In operation and use base plate 16 attaches to a cabinet door or other hinged member. In the event of a disturbance such as an earthquake or other seismic event which causes the cabinet to shake spring legs 14 will move up and down in accentuated vibration. That is, small vibrations from the earthquake or other disturbance will be accentuated by the spring legs 14 of latch 12 best seen in FIG. 4. The corresponding retainer 26 on the second mounting surface 22 is secured to the cabinet and when latch arm 12 is moved in an upward direction from the accentuated vibrations, it is attracted and secured by magnet 24 which will hold it in an imminent interlock position. If the door is moved further in the outward direction, the latch arm 12 will be retained by retainer 26 and the door will be held in place thereby preventing spillage of the contents of the cabinet. Magnet 24 also functions to hold, while allowing movement of latch arm 12 prior to engagement with retainer 26, in position for interlocking with retainer 26 thereby preventing vibrations of the door or cabinet from pulling latch arm 12 away from its imminent interlock with retainer 26.
Deactivation of the latch is accomplished by simply closing the door to a full shut position. This will move the latch arm 12 past the zone of magnetic attraction and allow latch arm 12 to detach from retainer 26 and magnet 24 and fall to its normal, or open, position.
While the above description contains many specificities, they should not be construed as imitations on the scope of the invention, but merely as exemplifications of preferred embodiments thereof. Those skilled in the art will envision many other possible variations are within its scope. For example the disturbance responsive magnetic latch of the invention could include machine controlled or machine de-activated components, for example, responsive to off-balance vibrations or eccentric vibrations. The latch of this invention could also be applied in many different applications, for example, in recreational or marine vehicles, or in aeronautical applications. In such application the latch could be set to respond only to sudden, unexpected disturbances, such a when the vehicle or craft has been landed, moored, or parked. The latch may be composed of alternative materials such as plastics or wood, and various configurations and designs, for example, one or more latch arms, may be successfully utilized for the base plate or hooking mechanisms. Those, skilled in the art will recognize that permutations of base plate 12 and base plate 22 will allow for attachment of disturbance responsive magnetic latch 10 to cabinets or enclosures 19 which are partially inset or fully inset doors. Also different embodiments of base plate 22 will allow attachments of disturbance responsive magnetic latch 10 to the vertical side members of a cabinet or enclosure opening. Accordingly, it is requested that the scope of the invention be determined by the appended claims and their legal equivalents, and not by the examples which have been given.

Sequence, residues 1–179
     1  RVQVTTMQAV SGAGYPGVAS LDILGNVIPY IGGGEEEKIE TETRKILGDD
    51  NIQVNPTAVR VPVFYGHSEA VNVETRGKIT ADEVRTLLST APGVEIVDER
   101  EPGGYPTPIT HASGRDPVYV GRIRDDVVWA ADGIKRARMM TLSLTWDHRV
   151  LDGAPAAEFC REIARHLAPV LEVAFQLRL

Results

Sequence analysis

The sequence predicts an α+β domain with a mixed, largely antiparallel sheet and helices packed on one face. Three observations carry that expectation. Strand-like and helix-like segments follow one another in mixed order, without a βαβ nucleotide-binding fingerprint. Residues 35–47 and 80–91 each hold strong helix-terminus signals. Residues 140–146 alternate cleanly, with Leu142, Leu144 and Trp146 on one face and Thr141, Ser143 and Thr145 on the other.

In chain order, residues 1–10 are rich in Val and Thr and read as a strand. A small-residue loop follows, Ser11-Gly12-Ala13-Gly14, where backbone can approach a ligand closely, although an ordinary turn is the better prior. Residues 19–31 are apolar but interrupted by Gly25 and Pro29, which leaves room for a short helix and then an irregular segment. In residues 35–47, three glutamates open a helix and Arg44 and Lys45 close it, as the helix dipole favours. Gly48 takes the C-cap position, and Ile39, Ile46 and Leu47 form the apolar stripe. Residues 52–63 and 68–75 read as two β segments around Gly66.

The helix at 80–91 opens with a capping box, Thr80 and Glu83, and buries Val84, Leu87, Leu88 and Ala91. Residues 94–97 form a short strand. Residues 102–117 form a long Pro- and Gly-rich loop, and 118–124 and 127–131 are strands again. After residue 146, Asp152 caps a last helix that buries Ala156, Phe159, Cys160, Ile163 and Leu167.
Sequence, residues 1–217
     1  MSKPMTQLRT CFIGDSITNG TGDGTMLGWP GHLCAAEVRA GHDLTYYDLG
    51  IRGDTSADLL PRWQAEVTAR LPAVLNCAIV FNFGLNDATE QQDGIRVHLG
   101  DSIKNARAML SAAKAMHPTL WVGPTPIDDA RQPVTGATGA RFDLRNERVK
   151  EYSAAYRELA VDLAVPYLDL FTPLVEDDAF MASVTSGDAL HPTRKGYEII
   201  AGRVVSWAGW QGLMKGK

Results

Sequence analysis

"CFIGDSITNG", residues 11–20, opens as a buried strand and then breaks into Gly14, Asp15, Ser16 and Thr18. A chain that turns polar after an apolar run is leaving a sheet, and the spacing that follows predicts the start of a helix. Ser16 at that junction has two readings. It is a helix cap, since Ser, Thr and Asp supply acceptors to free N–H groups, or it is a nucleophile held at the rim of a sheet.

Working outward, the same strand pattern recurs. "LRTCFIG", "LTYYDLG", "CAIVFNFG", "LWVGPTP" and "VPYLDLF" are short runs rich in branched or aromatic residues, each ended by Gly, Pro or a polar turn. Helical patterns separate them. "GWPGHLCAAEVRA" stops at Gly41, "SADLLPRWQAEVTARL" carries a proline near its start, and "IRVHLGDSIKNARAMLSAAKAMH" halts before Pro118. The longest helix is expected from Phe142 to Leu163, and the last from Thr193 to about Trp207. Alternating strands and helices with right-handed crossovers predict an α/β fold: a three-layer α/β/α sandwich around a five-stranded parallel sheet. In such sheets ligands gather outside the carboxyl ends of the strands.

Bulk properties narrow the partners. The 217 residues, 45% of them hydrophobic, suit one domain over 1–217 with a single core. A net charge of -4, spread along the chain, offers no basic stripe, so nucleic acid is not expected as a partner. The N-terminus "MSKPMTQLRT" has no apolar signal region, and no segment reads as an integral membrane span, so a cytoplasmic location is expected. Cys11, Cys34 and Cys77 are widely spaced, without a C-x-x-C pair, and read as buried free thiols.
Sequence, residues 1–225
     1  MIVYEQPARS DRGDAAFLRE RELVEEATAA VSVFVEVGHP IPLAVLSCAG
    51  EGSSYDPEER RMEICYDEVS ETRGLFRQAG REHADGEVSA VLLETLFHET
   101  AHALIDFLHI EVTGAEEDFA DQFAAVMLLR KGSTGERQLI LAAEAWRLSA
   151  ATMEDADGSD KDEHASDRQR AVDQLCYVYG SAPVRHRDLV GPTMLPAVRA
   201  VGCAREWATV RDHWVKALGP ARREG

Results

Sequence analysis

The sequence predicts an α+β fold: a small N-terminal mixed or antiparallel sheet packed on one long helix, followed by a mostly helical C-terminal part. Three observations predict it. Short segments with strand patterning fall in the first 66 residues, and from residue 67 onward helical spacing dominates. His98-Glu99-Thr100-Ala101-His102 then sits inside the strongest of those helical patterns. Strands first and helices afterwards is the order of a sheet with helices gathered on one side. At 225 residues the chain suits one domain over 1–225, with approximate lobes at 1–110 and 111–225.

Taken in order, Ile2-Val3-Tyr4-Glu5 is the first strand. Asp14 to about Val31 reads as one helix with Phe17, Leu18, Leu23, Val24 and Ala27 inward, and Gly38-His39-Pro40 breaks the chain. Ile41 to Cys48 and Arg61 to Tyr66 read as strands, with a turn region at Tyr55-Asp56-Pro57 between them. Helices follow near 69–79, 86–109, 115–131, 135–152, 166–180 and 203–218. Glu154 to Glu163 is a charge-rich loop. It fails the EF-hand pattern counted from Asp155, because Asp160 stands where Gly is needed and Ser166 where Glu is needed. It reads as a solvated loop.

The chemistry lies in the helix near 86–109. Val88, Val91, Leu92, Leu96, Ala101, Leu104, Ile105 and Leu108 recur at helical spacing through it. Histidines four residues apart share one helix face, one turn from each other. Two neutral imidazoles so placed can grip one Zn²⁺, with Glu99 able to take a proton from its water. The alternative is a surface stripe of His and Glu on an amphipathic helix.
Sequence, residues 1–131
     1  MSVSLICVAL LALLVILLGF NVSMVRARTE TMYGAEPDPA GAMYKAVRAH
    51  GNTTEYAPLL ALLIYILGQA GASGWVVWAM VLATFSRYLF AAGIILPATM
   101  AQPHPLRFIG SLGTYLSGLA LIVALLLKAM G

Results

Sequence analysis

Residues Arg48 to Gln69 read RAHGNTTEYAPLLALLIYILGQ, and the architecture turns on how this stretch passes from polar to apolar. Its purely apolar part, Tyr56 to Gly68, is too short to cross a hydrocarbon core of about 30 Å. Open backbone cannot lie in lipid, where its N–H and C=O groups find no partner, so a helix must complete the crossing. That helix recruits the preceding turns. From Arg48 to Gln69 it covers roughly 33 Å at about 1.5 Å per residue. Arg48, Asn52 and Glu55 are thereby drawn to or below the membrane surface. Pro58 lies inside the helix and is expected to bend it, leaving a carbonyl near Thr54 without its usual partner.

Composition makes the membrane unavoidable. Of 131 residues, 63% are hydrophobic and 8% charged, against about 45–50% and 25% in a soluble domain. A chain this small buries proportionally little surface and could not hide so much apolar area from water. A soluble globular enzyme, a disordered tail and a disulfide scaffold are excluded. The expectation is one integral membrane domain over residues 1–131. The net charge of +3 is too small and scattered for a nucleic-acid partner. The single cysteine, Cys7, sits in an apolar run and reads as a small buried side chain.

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|WO1995016095A1 *||Dec 8, 1993||Jun 15, 1995||Robert D Brady||Magnetic latch|
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|WO2006133080A2 *||Jun 5, 2006||Dec 14, 2006||George Rhyneer||Shock-actuated lock|
|U.S. Classification||292/96, 292/DIG.22, 292/201|
|International Classification||E05B65/00, E05C19/10, E05B47/00, E05B65/12|
|Cooperative Classification||Y10T292/0945, Y10T292/1082, Y10S292/22, E05B65/0014, E05B47/004, E05C19/10|
|European Classification||E05B47/00B2, E05C19/10, E05B65/00E|
|Oct 17, 1994||FPAY||Fee payment|
Year of fee payment: 4
|Feb 23, 1999||REMI||Maintenance fee reminder mailed|
|Aug 1, 1999||LAPS||Lapse for failure to pay maintenance fees|
|Oct 12, 1999||FP||Expired due to failure to pay maintenance fee|
Effective date: 19990730